Tesla’s troubles keep growing as production goal remains elusive

Elon Musk can’t stay focused long enough to get Tesla on track

Paris Marx
Jun 14, 2018 · 5 min read
Remind you of anything?

In need of an ego boost, Elon Musk held an event for the first thousand people to pick up their Boring Company flamethrower earlier this week. You might think, for someone who has the time to waste on such frivolous side projects, that everything must be going well at the companies they’re supposed to be overseeing — yet nothing could be further from the truth.

Tesla is in big trouble. It took a while for Musk to accept that to be the case — he’s notoriously self-absorbed — but it seems he may finally be accepting that if he doesn’t turn things around soon, Tesla could join countless other car companies in the history books.

What’s causing all these problems? In many ways, Musk is to blame. His tendencies to constantly overpromise and underdeliver, paired with his near-unshakable belief that more technology can solve any problem, are finally catching up to him, and it remains to be seen whether he can right his wrongs in time to save the company he’s staked so much of his legacy on.

Musk promised the world that by selling luxury electric vehicles he could fund the development of an affordable, mass-market version: the Tesla Model 3. Well, now that vehicle is finally for sale, but Tesla is unable to get them out the door on the timelines that Musk promised customers and shareholders.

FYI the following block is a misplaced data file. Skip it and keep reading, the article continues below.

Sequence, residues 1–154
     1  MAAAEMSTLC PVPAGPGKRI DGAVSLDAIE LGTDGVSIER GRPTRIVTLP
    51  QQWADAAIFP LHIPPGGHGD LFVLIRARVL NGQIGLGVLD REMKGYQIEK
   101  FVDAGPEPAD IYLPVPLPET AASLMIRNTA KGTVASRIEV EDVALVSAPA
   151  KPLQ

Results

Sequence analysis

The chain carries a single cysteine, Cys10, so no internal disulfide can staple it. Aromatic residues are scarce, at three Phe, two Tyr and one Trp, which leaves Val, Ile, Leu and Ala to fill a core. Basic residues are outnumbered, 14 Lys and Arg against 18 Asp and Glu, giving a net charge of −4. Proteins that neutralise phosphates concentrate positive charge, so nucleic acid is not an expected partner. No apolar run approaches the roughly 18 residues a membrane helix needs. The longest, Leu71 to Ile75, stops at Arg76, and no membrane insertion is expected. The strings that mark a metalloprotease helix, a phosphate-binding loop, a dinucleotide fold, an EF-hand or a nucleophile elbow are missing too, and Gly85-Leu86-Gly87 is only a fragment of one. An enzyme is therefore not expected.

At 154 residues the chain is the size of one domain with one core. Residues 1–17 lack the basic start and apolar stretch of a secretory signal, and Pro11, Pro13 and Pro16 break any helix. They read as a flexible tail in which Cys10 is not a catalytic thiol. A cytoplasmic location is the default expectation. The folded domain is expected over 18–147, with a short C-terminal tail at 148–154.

The production goals for the Model 3 have been pushed time and time again, and Musk is currently promising Tesla will be producing 5,000 Model 3s per week by the end of this month, yet Bloomberg has been tracking the vehicle’s production and its estimates do not line up with those of Musk — it looks like he’ll fall short again, but may be able to spin it so Tesla appears to be near its target, even though it likely won’t be.

Part of what’s causing all these production issues is the fact that Musk tried to automate final assembly, thinking he could do what other auto companies had previously failed to achieve, but then Musk’s attempts also failed and he didn’t have a backup plan. On top of that, the processes Tesla does have don’t seem to be very efficient or up to industry standards. Recent reports suggest that fires in the paint shop — almost unheard of at other auto manufacturers — were far worse than Tesla reported and the company is wasting “as much as 40 percent of the raw materials used to produce batteries and driving units manufactured at Tesla’s Gigafactory in Nevada,” costing $150 million in wasted parts for fewer than 10,000 vehicles.